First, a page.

I'd say there are 'ninety-eight' men buried in there.'
'Be God there is', said Shameen, 'Or there could be over a hundred in it.'
There were two identical twin brothers in the area and even in old age nobody could tell them apart. Eventually one of them died at an advanced age and the surviving brother was, of course, the chief mourner. He was approached, at the graveyard gate by Shameen who asked:
'Was it yourself or your brother that died?'
Shameen's chosen apparel was, at all times, wellingtons, dungarees and a hat that had seen better days. Even by the standards of the day personal hygiene wasn't high on his list of priorities but he did shave... infrequently... with the open or cut-throat-razor.
Among the many skills which he lacked was the ability to put a keen edge on the razor. One night at a wake the subject of whetting came up for discussion among the assembled males (some barely of shaving age).
Many suggestions were put forward by those who considered themselves knowledgeable in that field. Everything from: 'finish it off on your forearm' to 'give it a rub around the outside of a two-pound jam-pot' was put forward as the recipe for a fine edge.
Shameen listened attentively and took on board one piece of advice in particular.
Next day when he arrived at the funeral his face was a sight... it was in bits... It would have been a hematologists Paradise. His opening line, as he gingerly touched one jaw, was:
'I don't give a **** what ye say lads, the scythe-stone is not the thing for the razor'.
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Cesair was the leader of the earliest inhabitants of Ireland, the people who settled in Ireland before even the time of the Biblical flood.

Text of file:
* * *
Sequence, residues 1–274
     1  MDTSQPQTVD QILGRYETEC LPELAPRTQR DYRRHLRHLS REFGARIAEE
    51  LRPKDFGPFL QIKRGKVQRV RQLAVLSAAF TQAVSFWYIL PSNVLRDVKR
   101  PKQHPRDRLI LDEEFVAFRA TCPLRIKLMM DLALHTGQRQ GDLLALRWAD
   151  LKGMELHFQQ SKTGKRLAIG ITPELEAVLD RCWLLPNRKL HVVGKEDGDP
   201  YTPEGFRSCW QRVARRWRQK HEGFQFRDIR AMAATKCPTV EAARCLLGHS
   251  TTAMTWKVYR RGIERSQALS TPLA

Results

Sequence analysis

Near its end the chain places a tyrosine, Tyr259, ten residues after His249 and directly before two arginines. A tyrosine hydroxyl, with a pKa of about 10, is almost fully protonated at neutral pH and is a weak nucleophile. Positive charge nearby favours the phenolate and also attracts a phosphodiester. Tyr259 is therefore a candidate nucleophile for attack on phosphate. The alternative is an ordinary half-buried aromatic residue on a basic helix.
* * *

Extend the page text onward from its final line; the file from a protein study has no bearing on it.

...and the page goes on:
Her exploits are recorded in the ancient manuscript 'Lebor Gabála Érenn', also known as the 'Book of Invasions' as it chronicled the arrival of the earliest peoples who inhabited Ireland. First were the people of Cesair, then the people of Partholon, the people of Nemed, the mysterious Fir Bolg, the supernatural Tuatha De Danann, and finally the Milesians who are the Gaels from which the modern people of Ireland are descended.
Cesair (pronounced 'sesser'), was the granddaughter of Noah, who was refused entry onto the Ark by her grandfather and so decided to create three Arks of her own.
When Cesair was but ten years old her foster father, a priest in Egypt, told her to gather together a group and set out in order to escape the flood that was to soon follow. She built a fleet of three ships which she populated with as many capable women as she could find, each possessing a different skill. When her own father Bith was refused entry onto the Ark, along with Fintan Mac Bochra and Ladra, Cesair offered to bring these three men to safety as long as they acknowledged her leadership.
They set sail for Inis Fail (the land of destiny, Ireland), reasoning that as Ireland was as yet unpopulated by man that no sin could have ever been committed there, and so would be safe from the flood sent to cleanse the world of evil.